Using a novel approach to his film, Oasim Basir takes Destined to another level as he lays out his story by showing the life of one man and picturing him taking two different paths. I like what he has put together here as it’s not only entertaining, but thought provoking. One of the biggest things a moviegoer can take away from a movie is a challenge, and Destined certainly lays out many of them.
Teens Calvin and Rasheed live in a dangerous and unkind neighborhood. Growing up in an urban area where drugs are rampant and money is scarce for the two boys, Cal introduces Rasheed to a cool way to get cash. In a park one morning, Rasheed notices Cal handing off a packet of drugs to an old couple. Later that afternoon, Rasheed accompanies him to rundown building where he gets accosted by an angry drug dealer. Standing up to the thug, Rasheed gets to go on a delivery with Cal to “make” some quick cash. But, instead he gets arrested by two plainclothes officers.
At that point the film takes on two separates paths for Rasheed (Cory Hardrict), now in his 30’s, which include Calvin (Robert Christopher Riley) and even the cops that arrested him. Director and writer Qasim Basir split screens his film initially and in later segments so the audience will get the effect of the paths he takes. He also renames him as Sheed in the life he has chosen as a drug dealer and keeps the name Rasheed as an up and coming star architect in path number two. He also separates the two roles with a sepia coloration (an orange/yellow cast placed on the film so it gives a grittier look) for the gangster tale and a nice ordinary filter for the successful track.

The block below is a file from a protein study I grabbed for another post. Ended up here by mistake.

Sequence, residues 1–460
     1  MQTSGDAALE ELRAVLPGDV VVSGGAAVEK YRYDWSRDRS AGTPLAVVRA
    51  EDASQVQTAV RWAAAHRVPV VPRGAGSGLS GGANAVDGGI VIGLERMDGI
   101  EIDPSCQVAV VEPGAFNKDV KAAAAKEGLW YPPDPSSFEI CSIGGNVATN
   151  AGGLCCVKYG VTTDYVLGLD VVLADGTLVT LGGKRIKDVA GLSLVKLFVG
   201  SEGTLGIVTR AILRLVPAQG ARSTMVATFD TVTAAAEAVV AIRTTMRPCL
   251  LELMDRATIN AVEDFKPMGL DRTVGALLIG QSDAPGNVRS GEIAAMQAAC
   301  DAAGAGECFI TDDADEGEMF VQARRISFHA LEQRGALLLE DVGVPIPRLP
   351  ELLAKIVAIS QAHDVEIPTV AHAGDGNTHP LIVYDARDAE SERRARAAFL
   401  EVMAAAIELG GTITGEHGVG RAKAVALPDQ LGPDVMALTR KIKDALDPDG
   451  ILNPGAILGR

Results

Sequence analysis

Basir puts the two stars to work as they play out lives of crime or upstanding citizens. It centers on Sheed as a hardened drug dealer who turns a good measure of his money over to his mother so she can have a better life. But, with Cal now an angry soldier of Sheed, things are not going too well, even upsetting a plan out of vengeance for one of their street dealers. On the flip side, Rasheed has been noticed by Brewster Home Development for the lead on a major project development. Calvin has become a member of the Mayor’s staff and has his finger on the pulse of the growing changes in the area.
The film goes on from their showing the differences in the choices Rasheed has made and how they affect all the characters around him including family. It would be difficult for even seasoned actors to carry on two separate roles and make the characters different, but both Cory Hardrict and Robert Christopher Riley do a bang up job. I’m impressed with their performances and even the support characters that had to change in the parallel stories.
Destined has been honored by the following film festivals; Urban World Festival (winner Best Narative Feature), Peachtree Village International Film Festival (winner Best Film and Best Filmmaker: Qasim Basir), BronzeLens Film Festival (winner Best Feature and Best Overall), American Black Film Festival (winner Best Actor: Cory Hardrict and Best Director: Qasim Basir) The movie was also an official selection into the Chicago International Film Festival and the Los Angeles International Film Festival.
Destined has not been rated by the MPAA, but contains violence, brutality, language and drug use. Be cautious about letting immature teens see the film. The film opened in Los Angeles on November 7th and opens today in most of the country. Please check your local listing for the nearest movie theater playing the movie.
FINAL ANALYSIS: A well-made film on a surprisingly low budget.
Additional Film Information
Cast: Cory Hardrict, Jesse Metcalfe, Hill Harper, La La Anthony, Robert Christopher Riley, Margot Bingham
Directed and written by: Qasim Basir
Genre: Drama, Fantasy
MPAA Rating: Not Rated, contains violence, language, drug use
Running Time: 1 hr. 35 min.
Release Date: November 17, 2017
Distributed by: XLRATOR Media